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This webpage is intended to help the residents of Arkansas understand the different types of eldercare assistance available in their state, from their state. Our Resource Locator Tool, which is free to use, should be used to search for nationwide assistance. The programs listed on this webpage are only comprised of options available from the state of Arkansas, and many other programs do exist.
In 2017, the monthly average cost of assisted living in Arkansas is close to $3,183. However, the average range across the state is quite large, with $1,150 / month on the low end to $5,950 on the high end. In the least expensive areas of the state, Pine Bluff, Fort Smith, and Jonesboro, care can be found for as little as $1,450 / month, with the average being closer to $2,550 / month. In the more expensive parts of Arkansas, Little Rock and Hot Springs, the monthly costs average closer to $3,880 / month.
When it comes to home care costs, the options are nearly uniform, with the entire state averaging $18.50 / hour in 2017. This number is consistent throughout Arkansas, with Jonesboro providing an available minimum cost of $11.50 / hr. The area of Fort Smith also offers a more affordable cost than the statewide average at $15.50 / hour. For those requiring home health assistance, home heath care is also available at nearly the same rate, with the average cost being $19.00 /hour throughout the state.
Overall, adult day care can provide the most affordable care option for senior citizens and their families. The average cost of adult day care in Arkansas in 2017 is $59 / day, though it ranges from $50 / day on the low end to $121 / day on the high end. The city of Hot Springs and the Little Rock Area have the lowest daily cost at an average of $66 - $70 /day. The Fort Smith and Pine Bluff areas have higher average daily costs at $82.
In Arkansas, the Medicaid state plan will cover the cost of living in a nursing home facility, as well as limited personal care in the home and community.
Personal Care Program – Via this state Medicaid program, assistance with activities of daily living and instrumental activities of daily living, such as grooming and dressing, preparing and eating meals, and medication assistance is provided. In order to receive services, they must be deemed necessary by a physician.
However, Medicaid also offers Home and Community Based Services (HCBS) Waiver programs. These programs are designed to serve elderly residents in their current place of care, instead of in a much costlier nursing home facility. This is to help the senior reduce dependence on family members. Functionally, the applicants must require nursing home level care, but be willing to live at home, in assisted living, or in adult foster care instead.
Currently, Arkansas provides three Medicaid Waiver programs.
DAAS ElderChoices Waiver – Adult day care, respite care, personal care, homemaker services, and adult foster care are just some of the benefits available via this program.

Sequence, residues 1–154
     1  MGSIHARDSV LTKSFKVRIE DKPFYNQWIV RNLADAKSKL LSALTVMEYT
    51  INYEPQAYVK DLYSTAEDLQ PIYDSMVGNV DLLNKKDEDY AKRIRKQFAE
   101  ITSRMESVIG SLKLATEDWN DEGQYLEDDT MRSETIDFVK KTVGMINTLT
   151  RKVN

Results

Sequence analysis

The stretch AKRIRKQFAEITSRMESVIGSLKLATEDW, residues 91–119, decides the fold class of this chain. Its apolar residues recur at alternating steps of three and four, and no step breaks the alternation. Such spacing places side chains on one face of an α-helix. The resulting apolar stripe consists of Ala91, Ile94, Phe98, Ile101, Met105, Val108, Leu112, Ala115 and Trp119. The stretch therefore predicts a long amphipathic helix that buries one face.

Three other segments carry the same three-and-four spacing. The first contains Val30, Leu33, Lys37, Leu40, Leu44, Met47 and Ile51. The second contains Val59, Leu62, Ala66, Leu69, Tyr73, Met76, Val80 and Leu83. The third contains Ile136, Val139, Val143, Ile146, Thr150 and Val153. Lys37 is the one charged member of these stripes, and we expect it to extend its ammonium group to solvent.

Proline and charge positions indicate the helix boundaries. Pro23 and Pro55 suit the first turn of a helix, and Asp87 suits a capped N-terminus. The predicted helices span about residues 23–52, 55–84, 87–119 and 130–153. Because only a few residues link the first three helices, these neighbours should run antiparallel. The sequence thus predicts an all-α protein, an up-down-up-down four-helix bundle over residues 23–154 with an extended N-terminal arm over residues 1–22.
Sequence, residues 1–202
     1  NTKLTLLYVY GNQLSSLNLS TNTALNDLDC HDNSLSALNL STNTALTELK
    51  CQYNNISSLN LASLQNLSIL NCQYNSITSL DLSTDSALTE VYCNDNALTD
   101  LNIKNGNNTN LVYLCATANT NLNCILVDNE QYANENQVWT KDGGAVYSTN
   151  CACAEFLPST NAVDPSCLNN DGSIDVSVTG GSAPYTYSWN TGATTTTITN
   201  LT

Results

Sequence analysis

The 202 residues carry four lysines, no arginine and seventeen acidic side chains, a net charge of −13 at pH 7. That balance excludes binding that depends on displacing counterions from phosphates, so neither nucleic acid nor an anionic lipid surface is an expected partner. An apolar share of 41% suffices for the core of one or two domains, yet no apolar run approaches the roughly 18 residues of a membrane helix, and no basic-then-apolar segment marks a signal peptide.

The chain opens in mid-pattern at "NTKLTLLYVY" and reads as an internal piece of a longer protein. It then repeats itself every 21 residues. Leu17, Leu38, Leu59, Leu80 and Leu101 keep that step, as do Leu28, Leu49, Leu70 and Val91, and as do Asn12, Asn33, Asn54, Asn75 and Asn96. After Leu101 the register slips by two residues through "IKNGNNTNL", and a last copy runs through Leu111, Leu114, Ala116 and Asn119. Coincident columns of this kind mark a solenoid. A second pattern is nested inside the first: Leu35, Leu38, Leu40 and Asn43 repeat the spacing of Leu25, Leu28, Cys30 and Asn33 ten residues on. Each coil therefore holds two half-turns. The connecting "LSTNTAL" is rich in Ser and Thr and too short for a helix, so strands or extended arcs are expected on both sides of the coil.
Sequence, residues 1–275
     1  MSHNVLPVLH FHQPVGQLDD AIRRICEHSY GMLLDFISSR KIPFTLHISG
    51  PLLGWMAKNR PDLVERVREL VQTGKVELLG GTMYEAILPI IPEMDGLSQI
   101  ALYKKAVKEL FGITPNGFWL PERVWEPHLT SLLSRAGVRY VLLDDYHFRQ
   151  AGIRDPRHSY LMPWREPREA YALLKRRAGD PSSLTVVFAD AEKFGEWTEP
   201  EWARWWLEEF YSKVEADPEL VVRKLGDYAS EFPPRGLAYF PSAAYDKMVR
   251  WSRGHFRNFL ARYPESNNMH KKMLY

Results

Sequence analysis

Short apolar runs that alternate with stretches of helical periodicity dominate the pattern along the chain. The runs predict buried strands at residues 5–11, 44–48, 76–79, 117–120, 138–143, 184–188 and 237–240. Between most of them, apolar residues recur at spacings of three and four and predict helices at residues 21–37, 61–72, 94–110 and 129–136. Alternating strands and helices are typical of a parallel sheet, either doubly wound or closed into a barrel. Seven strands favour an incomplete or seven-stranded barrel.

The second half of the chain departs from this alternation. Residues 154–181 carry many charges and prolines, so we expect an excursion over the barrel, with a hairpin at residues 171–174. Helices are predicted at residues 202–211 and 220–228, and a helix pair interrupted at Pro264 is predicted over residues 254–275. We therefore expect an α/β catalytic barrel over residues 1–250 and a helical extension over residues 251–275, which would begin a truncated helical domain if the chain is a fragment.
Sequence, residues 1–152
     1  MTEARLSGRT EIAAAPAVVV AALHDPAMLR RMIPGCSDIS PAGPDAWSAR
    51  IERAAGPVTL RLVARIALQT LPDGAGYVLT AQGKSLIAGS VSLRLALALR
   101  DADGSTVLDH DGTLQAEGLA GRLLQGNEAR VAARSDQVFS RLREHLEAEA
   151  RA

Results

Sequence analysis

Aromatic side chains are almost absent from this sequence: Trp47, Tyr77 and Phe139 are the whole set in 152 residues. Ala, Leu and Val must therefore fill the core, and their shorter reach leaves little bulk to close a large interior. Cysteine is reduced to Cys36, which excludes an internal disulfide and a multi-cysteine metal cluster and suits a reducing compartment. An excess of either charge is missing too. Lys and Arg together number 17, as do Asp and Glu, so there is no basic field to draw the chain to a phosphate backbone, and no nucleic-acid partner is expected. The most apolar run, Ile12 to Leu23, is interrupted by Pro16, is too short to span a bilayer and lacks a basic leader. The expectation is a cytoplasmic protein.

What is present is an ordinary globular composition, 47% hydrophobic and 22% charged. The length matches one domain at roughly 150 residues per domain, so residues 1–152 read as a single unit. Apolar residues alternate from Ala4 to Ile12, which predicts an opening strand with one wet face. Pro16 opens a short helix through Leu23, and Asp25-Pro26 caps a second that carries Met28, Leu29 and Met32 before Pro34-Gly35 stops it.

Living Choices Assisted Living Waiver – This wavier covers the cost care services at assisted living facilities, but does not cover the cost of room and board. Benefits may include attendant care, nursing evaluation, monitoring of medication, and more. Assistance may also be provided for those currently living in a nursing home, but wish to transition into congregated housing.
Independent Choices Program - While this program is not a waiver program, in and of itself, it is an option for seniors who are receiving services via the ElderChoices Waiver or the Living Choices Assisted Waiver. This program gives monthly cash allowances and counseling to qualified applicants to use on what they see fit for their personal care. This program also covers the cost of home modifications, such as wheelchair ramps, and Personal Emergency Response Systems (PERS). An attractive component of the Independent Choices Program is that applicants can hire family members as care providers. Applicants must meet disability status criteria in order to qualify for this program option.
As of 2017, to qualify for these Medicaid programs in the state of Arkansas, a single applicant cannot exceed $2,205 in monthly income. This amount is equivalent to 300% of the Federal Poverty Rate. The asset limit is set at $2,000 for an individual. Both income and assets can be partly distributed to one’s spouse, if over the limit, as long as the spouse is not also applying for Medicaid. More about qualifying for Medicaid.
Arkansas does not currently have any state non-Medicaid care assistance programs available. However the state does offer senior citizens financial assistance for home energy costs. One can download an application for this type of assistance here. Home delivered meals and transportation assistance are also provided free of charge, or heavily subsidized, to eligible seniors through the state's network of Area Agencies on Aging (AAA). Find your local AAA.
Along with these state-sponsored options, there are several more ways one can receive assistance in paying for care. Other options to consider are programs at the federal level, as well as local and non-profit routes. Our Resource Locator Tool is a great source to use to find such reduced-cost programs and should be utilized to find the program that best meets ones needs.
To find more affordable care options in Arkansas, click here.
There are many good reasons to search for a broad range of providers in the state in order to find more affordable care options. Things like in-home care can be much more affordable and cost-stable than a skilled nursing facility, especially in more populated urban areas. Our organization provides free matching services to meet people’s unique needs for eldercare services and their budgets.